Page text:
CHICAGO - Dale Sveum felt as though he was seeing the same pitch twice when he interviewed for the Chicago Cubs' managing job.
The Milwaukee Brewers' hitting coach said Monday the process mirrored what he went through in Boston last week, with management firing similar questions his way and putting him through a game simulation.
Whether he gets a chance to replace Mike Quade in Chicago or Terry Francona on the Red Sox bench remains to be seen.
"They're the two most prestigious jobs in baseball, if not sports," Sveum said. "It's two of the same, but they both rank right up there. I'm honoured to be just considered for both of them at the same time and the same season."
Sveum has little experience as a manager, other than an interim stint for the Brewers late in 2008 when he led them to the playoffs. He also served as Boston's third base coach when Theo Epstein was the general manager, but he has competition for the Cubs job.
Chicago interviewed Philadelphia bench coach Pete Mackanin last week and is scheduled to bring in Texas pitching coach Mike Maddux, who has pulled out of the running for the Boston job, on Wednesday. The Cubs fired Quade after a 71-91 season that extended their infamous championship drought to 103 seasons, and they are in the early stages of a major overhaul.
Not only did they land Epstein as their new president of baseball operations, they brought in general manager Jed Hoyer and scouting/player development head Jason McLeod hoping they can work the same magic that helped Boston end its own title drought. Now, the Cubs are in a competition of sorts with the Red Sox for a manager.
Given the strong ties, that's hardly a surprise. Red Sox general manager Ben Cherington worked for Epstein, so it makes sense that their lists would overlap. Sveum and Mackanin have interviewed with both teams.
Whoever gets the Chicago job will take over a team coming off a fifth-place finish in the NL Central that is saddled with big contracts belonging to Carlos Zambrano and Alfonso Soriano. The Cubs also boast a talented young player in all-star shortstop Starlin Castro and, now, a management team with a championship pedigree.
When he served as Boston's third base coach in 2004 and 2005, Sveum was often criticized for an aggressive approach that led to runners being thrown out at the plate. But he was part of a championship team and also is a believer in advanced statistical analysis, which fits with Chicago's new leadership.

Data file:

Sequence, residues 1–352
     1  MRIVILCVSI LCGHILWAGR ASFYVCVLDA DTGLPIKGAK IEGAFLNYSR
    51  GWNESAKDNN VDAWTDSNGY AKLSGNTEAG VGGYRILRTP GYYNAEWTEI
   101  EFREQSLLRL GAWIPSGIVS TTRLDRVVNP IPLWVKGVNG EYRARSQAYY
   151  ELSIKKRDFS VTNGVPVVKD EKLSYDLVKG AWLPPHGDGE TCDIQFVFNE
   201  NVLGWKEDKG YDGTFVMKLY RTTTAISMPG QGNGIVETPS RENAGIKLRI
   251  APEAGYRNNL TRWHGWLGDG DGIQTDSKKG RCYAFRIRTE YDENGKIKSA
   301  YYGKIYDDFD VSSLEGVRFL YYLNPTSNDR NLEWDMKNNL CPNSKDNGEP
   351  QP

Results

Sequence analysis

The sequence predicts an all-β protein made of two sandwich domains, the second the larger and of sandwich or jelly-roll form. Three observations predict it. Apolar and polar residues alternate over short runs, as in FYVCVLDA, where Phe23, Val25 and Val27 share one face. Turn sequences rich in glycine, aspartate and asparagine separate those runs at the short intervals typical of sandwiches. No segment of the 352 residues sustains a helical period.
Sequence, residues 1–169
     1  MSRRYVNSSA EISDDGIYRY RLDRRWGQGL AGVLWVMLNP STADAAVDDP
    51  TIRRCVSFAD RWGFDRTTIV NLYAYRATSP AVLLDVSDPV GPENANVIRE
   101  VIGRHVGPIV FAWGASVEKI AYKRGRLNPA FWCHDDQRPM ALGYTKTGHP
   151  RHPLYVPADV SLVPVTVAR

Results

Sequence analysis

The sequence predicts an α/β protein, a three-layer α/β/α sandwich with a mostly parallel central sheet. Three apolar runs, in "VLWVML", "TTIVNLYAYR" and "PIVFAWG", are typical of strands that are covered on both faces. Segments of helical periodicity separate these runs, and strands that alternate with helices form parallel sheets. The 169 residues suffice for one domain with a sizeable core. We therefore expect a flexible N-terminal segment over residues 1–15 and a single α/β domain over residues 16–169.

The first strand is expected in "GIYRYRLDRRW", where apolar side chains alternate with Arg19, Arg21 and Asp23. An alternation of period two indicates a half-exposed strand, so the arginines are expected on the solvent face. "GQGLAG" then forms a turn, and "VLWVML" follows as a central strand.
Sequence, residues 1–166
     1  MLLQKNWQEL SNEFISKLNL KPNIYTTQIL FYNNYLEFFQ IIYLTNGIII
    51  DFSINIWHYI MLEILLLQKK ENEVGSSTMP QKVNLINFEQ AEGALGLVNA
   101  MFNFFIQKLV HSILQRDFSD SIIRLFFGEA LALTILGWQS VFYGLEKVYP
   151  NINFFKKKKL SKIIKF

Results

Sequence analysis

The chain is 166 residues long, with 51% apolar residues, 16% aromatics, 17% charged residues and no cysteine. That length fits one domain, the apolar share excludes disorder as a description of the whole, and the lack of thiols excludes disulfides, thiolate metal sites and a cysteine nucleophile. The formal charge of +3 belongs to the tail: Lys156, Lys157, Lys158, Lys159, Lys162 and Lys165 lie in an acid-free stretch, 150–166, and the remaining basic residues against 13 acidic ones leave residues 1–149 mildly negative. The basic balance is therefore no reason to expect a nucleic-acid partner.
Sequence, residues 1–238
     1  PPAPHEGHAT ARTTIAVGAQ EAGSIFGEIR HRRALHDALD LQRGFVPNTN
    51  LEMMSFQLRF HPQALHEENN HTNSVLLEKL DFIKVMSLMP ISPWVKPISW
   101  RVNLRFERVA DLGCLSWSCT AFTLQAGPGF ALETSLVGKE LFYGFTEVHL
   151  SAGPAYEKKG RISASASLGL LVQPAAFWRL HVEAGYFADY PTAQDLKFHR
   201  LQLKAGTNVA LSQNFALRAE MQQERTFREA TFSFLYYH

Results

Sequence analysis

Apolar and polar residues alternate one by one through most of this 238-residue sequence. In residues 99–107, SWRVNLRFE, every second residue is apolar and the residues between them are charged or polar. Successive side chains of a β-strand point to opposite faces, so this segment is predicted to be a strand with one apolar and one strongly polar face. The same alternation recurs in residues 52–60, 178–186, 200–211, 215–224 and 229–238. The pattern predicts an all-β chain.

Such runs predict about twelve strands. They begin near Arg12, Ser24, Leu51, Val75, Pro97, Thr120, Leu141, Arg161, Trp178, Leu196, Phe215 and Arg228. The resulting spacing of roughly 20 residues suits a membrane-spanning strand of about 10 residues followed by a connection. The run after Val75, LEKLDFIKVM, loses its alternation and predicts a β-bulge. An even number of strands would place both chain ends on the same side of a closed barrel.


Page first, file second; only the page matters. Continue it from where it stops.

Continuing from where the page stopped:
"I do my due diligence and video work and prepare as much as anybody," Sveum said. "As far as the stats, those are what they are, and we can use them to our advantage. It's a big part of the game now. It's helping us win a lot of ballgames, the stats and the matchups. That's just part of the game now, and you use what you can. But a lot of that stuff, we do throw out, too."
In Chicago, one number stands above all others — 103 and counting.
Sveum couldn't explain why the Cubs have gone so long without winning, saying, "It's the million-dollar question. I wish we all had those answers. Being a baseball player and coach for all these years, you always bring the Cubs up and why. It's almost like a fluke that this kind of firepower hasn't won the World Series before."
Sveum, who played 12 seasons with the Brewers and six other teams, did well in his limited run as Milwaukee's manager. He had been the third base coach when he took over on an interim basis in 2008 after Ned Yost was fired following a 3-11 slide in September. Sveum led the Brewers to their first playoff appearance in 26 years, winning six of seven down the stretch and capturing the wild card on the final day of the regular season.
Milwaukee then decided to hire a more experienced manager in the off-season and went with Ken Macha, who lasted two seasons. Sveum stayed on as the hitting coach and oversaw one of the best offences in the National League last season. With Ryan Braun and Prince Fielder leading the way, the Brewers hit an NL-high 185 homers and were third with a .261 batting average on their way to the NL Central title.
"There's no doubt about it, I wanted that job and felt like it was the right time at that time," Sveum said. "I just moved on. I knew it was going to happen someday that I was going to get an opportunity, so I never lost hope."